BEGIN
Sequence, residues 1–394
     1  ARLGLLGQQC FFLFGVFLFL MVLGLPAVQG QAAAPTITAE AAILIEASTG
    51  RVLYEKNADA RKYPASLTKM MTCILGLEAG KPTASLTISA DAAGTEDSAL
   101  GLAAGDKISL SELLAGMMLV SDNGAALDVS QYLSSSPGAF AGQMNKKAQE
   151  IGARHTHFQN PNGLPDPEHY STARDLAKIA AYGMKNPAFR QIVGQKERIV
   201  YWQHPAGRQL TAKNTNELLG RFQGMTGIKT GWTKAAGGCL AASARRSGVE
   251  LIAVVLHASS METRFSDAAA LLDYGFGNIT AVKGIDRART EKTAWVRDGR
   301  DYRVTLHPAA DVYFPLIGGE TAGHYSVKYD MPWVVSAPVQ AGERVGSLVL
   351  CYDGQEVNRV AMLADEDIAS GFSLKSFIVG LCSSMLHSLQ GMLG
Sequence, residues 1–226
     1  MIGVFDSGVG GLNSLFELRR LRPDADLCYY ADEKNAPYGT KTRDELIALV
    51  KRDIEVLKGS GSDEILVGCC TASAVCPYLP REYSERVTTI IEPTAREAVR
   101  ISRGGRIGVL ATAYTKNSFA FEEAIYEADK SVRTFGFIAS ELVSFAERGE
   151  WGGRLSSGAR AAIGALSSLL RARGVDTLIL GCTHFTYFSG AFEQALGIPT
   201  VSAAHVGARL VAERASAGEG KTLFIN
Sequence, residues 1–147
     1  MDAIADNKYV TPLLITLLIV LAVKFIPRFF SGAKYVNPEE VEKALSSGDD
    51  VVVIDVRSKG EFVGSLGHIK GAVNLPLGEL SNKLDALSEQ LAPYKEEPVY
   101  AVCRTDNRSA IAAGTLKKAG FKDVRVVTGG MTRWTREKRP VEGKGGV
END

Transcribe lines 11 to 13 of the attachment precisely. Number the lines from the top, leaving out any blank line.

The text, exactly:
     1  MIGVFDSGVG GLNSLFELRR LRPDADLCYY ADEKNAPYGT KTRDELIALV
    51  KRDIEVLKGS GSDEILVGCC TASAVCPYLP REYSERVTTI IEPTAREAVR
   101  ISRGGRIGVL ATAYTKNSFA FEEAIYEADK SVRTFGFIAS ELVSFAERGE